TYPE: Fighter, Fighterbomber, Trainer
ACCOMMODATION: Crew of one or two, pilot or trainer and student
POWER PLANT: One Klimov M-105PA V-12 liquid-cooled engine, rated at 1,050 hp
PERFORMANCE: 355 mph at 16,000 ft
COMMENT: The Yakovlev Yak-7 was developed from the earlier Yakolev Yak-1 fighter, initially as a trainer but converted into a fighter. As both a fighter and later reverting to its original training role, the Yak-7 proved to be a capable aircraft and was well liked by air crews. The Yak-7 was simpler, tougher and generally better than the Yak-1.
In 1939, A. Yakolev designed a tandem-seat advanced trainer, originally designated “I-27” and then “UTI-26”, offered along with the original I-26 proposal that became the Yak-1. The “UTI” (Uchebno Trenirovochnyi Istrebitel, Training fighter) was intended to give pilots-in-training experience on a high-performance aircraft before transitioning to a fighter. With development work started in 1940, the UTI-26 differed from its predecessor in its larger span wing being placed farther back for balance as well as having two cockpits with dual controls and a rudimentary communication system. It was armed with a single 7.62 mm ShKAS machine gun in the cowling, mainly for use in training, but Yakovlev envisioned a multi-purpose aircraft that could also undertake courier and light transport duties at the front.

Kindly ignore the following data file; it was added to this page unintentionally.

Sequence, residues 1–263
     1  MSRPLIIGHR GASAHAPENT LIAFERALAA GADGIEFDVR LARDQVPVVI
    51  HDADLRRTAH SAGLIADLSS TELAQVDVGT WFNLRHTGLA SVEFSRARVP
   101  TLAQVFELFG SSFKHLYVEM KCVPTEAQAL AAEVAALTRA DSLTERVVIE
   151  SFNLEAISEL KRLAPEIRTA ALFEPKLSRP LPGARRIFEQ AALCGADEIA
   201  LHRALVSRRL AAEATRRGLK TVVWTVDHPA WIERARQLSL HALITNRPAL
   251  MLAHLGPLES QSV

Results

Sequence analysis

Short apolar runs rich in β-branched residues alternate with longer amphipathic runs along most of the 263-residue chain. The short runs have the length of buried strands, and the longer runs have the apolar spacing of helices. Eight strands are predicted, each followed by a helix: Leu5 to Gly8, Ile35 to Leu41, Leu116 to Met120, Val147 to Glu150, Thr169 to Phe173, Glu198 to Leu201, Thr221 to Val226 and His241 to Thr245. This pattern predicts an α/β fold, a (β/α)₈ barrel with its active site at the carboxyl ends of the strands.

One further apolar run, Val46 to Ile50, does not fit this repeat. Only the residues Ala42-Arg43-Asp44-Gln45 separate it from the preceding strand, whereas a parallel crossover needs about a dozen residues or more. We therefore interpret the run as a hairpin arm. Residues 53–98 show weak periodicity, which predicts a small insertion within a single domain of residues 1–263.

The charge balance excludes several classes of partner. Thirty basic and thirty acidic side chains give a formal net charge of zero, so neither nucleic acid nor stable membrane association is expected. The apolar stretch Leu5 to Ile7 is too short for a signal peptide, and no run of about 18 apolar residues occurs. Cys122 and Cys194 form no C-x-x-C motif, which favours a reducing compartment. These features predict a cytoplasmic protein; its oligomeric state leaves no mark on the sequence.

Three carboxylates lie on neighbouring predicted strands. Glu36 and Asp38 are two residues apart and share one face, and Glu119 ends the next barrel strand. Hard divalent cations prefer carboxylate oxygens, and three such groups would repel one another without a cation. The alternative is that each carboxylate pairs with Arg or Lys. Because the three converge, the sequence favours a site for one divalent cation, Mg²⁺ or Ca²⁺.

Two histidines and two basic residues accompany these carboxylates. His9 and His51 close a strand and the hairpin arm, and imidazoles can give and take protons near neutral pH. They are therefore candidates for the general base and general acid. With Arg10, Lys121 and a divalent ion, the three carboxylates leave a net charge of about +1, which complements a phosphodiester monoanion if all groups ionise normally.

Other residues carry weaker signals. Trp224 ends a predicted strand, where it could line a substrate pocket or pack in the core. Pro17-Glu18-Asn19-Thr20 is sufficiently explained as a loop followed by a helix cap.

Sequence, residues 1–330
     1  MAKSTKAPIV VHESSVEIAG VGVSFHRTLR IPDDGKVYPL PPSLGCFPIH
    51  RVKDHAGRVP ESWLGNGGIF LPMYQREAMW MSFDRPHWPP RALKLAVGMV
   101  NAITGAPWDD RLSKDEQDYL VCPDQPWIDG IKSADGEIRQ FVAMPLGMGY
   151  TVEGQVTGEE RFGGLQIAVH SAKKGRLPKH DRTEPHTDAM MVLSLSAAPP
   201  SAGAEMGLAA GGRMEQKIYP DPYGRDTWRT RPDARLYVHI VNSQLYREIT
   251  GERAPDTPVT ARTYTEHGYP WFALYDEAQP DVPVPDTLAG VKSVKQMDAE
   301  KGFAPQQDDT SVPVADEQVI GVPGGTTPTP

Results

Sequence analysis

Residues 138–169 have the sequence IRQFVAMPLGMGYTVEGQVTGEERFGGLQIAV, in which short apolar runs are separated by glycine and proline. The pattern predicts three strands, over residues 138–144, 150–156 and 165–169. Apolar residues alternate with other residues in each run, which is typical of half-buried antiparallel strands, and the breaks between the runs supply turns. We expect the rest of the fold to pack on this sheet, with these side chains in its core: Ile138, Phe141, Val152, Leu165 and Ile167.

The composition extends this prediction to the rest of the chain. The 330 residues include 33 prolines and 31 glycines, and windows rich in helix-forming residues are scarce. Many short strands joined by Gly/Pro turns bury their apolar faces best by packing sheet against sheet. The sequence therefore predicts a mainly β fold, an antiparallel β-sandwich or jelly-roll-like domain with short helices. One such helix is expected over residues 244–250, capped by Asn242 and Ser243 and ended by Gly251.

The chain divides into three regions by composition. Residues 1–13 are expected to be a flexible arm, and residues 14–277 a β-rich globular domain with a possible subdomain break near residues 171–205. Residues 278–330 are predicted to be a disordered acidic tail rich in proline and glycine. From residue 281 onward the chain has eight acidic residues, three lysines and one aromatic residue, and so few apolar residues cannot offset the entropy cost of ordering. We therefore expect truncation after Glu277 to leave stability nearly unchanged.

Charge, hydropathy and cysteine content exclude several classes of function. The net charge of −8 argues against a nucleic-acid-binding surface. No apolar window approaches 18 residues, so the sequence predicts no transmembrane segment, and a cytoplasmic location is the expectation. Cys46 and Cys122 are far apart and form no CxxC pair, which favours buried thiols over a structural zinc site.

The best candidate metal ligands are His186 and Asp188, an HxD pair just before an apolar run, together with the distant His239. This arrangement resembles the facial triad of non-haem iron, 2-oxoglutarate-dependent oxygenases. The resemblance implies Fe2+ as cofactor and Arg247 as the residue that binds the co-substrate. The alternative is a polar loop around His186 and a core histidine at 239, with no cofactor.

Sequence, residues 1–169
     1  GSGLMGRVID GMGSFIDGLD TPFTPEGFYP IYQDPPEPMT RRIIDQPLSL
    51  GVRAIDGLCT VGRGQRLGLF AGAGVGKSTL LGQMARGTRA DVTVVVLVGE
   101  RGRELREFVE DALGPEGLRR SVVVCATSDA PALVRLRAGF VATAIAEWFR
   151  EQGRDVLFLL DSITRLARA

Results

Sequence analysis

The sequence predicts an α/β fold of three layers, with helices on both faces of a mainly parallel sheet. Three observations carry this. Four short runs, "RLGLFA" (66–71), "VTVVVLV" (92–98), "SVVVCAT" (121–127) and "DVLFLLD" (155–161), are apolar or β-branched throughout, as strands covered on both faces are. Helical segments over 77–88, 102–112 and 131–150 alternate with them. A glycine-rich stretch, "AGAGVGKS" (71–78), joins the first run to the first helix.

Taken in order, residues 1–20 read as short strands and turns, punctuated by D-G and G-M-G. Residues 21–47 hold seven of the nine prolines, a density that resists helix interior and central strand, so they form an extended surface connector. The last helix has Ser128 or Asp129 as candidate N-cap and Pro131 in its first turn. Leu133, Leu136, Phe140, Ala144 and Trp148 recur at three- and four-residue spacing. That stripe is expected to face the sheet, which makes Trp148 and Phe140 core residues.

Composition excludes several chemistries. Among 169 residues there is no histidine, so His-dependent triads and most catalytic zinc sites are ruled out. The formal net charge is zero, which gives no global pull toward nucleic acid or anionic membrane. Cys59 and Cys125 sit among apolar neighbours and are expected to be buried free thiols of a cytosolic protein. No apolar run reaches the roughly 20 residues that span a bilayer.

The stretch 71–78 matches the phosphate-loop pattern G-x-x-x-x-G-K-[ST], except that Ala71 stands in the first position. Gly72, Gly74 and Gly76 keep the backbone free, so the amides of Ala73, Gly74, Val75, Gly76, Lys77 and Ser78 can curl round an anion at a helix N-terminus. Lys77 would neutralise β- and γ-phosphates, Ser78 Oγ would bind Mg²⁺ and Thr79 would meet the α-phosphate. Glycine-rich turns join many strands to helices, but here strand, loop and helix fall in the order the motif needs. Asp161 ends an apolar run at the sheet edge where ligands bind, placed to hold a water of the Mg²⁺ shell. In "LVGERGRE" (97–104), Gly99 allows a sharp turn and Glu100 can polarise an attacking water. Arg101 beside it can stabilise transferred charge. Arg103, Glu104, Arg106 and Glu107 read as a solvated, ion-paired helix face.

The first production aircraft known as Yak-7UTIs retained a retractable main landing gear, but beginning in the summer of 1941, a fixed landing gear variant, the Yak-7V (Vyvozoni = Familiarization) was substituted. The factory reasoned that production would be simplified and that reduced performance would not be detrimental for a trainer. Yak-7UTIs and Yak-7Vs were also equipped with skis for winter operations.
The Yak-7 proved to be an effective close support fighter although the first two-seaters were considered nose-heavy. Consequently, the factory introduced a rear cockpit fuel tank. Pilots complained about the fuel tank’s vulnerability since it was unarmored, and it was usually removed in the field. There were constant changes to the design based on combat observations including a definitive single-seat variant, the Yak-7B, which was produced in large numbers.
Generally, the Yakolev Yak-7 pleased its pilots. They reported that it was easy to fly at all altitudes, stable and easy to maintain and although it did not climb as quickly as a Messerschmitt Bf 109, it was as maneuverable and fast, except in the vertical plane. But defects were also noted: there was too much drag from the radiators, the canopy glass was of bad quality; the pilot was not protected enough, taking-off and landing distances were too long and, above all, it was underpowered.
Yakovlev suggested to Klimov, the engine builder, some modifications that resulted in the M-105PF which was 130 hp more powerful. With this modified engine, the Yak-7B top speed was of 372 mph, it climbed much faster up to 16,404 ft and it was more maneuverable both in the horizontal and the vertical planes. But because the rear tank was removed, its range was reduced and the center of gravity was moved too forward, while M-105 defects (glycol and oil overheating, oil leaks etc.) persisted.
In total 510 two-seat trainer were built, 87 were converted from Yak-7B (Ref.: 24).